AirAsia wants Nepal's airport to waive late fees worth Rs 130 million

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KUALA LUMPUR (March 26): AirAsia Group Bhd has asked Tribhuvan International Airport (TIA) in Kathmandu, Nepal to waive around Rs 130 million in outstanding fees, according to a report by The Himalayan Times today.

The airline had suspended its flights to Nepal since Oct 13 last year.

The report quoted TIA as saying that AirAsia is still to pay around Rs 194 million dues, of which around Rs 130 million is related to late fees.

Shashi Lal Pradhan, deputy manager of the Civil Aviation Office at TIA, told The Himalayan Times that a month ago, AirAsia had written a letter to TIA seeking a waiver of at least its late fees. However, TIA refused to do so.

After TIA refused its request to waive the late fees AirAsia had again sent a letter through the Embassy of Malaysia in Nepal, Pradhan said, adding that "if the government addresses the embassy’s request and directs us to waive their fees, then we will have to waive it".

The Himalayan Times also reported that prior to this, AirAsia had paid a total of Rs 10 million of pending dues to TIA in mid-January.

AirAsia had been conducting four flights a week to Kathmandu for six years, with an Airbus A330. However, it suspended all its flights due to a fall in passenger traffic.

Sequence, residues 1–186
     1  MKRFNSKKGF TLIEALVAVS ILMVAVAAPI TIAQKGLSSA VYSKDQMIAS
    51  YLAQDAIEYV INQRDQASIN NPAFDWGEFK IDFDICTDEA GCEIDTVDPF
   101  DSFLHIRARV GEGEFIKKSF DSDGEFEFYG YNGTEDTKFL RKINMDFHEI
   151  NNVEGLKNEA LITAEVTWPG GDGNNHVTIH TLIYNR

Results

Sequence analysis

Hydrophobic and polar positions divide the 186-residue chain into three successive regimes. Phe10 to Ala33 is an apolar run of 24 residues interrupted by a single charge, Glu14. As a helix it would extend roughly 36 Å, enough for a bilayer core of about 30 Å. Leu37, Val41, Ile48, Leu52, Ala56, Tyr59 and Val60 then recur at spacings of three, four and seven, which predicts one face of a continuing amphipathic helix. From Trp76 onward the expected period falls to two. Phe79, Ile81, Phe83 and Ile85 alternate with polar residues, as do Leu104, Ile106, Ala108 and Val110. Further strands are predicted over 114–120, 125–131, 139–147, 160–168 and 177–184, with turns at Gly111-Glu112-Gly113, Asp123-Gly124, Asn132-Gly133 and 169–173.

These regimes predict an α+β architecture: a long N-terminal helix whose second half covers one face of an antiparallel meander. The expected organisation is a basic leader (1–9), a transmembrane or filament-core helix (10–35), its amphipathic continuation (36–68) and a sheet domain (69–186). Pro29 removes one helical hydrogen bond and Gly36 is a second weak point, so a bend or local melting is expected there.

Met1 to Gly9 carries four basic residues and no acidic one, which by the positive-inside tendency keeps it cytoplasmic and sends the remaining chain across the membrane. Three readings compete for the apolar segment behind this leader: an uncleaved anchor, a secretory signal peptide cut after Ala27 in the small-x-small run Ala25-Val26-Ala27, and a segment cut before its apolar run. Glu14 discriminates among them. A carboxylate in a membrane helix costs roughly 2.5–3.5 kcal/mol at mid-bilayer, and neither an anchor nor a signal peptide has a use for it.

On the home front, AirAsia is in the midst of a legal battle with Malaysia Airports Holdings Bhd (MAHB) over an outstanding airport tax dispute.

On Dec 11 last year, MAHB's subsidiary Malaysia Airports (Sepang) Sdn Bhd (MASSB) had filed a lawsuit against the airline's wholly-owned unit AirAsia Bhd (AAB) seeking RM9.4 million for unpaid passenger service charges (PSCs).

MASSB had also served AirAsia X Bhd with a writ of summons of RM26.72 million for PSC arrears.

On Jan 23, AirAsia had sought more than RM400 million in counter-claims against MAHB in response to the suits filed by the airport operator. 


Following this story, an AirAsia X Bhd (AAX) spokesperson has clarified that the entities involved in this matter is AAX or AirAsia X Malaysia, and not its parent AirAsia Group Bhd or AirAsia Bhd as reported.